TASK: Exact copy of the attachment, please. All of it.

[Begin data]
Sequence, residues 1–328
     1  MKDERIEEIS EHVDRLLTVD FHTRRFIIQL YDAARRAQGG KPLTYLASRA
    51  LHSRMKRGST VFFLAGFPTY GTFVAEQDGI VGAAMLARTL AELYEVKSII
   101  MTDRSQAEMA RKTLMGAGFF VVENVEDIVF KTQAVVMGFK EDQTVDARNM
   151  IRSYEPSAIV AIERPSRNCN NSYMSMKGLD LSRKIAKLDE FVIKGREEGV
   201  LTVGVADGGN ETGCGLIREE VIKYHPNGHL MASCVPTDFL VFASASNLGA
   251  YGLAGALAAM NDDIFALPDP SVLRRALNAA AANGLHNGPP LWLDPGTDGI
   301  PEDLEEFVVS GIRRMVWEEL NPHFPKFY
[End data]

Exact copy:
Sequence, residues 1–328
     1  MKDERIEEIS EHVDRLLTVD FHTRRFIIQL YDAARRAQGG KPLTYLASRA
    51  LHSRMKRGST VFFLAGFPTY GTFVAEQDGI VGAAMLARTL AELYEVKSII
   101  MTDRSQAEMA RKTLMGAGFF VVENVEDIVF KTQAVVMGFK EDQTVDARNM
   151  IRSYEPSAIV AIERPSRNCN NSYMSMKGLD LSRKIAKLDE FVIKGREEGV
   201  LTVGVADGGN ETGCGLIREE VIKYHPNGHL MASCVPTDFL VFASASNLGA
   251  YGLAGALAAM NDDIFALPDP SVLRRALNAA AANGLHNGPP LWLDPGTDGI
   301  PEDLEEFVVS GIRRMVWEEL NPHFPKFY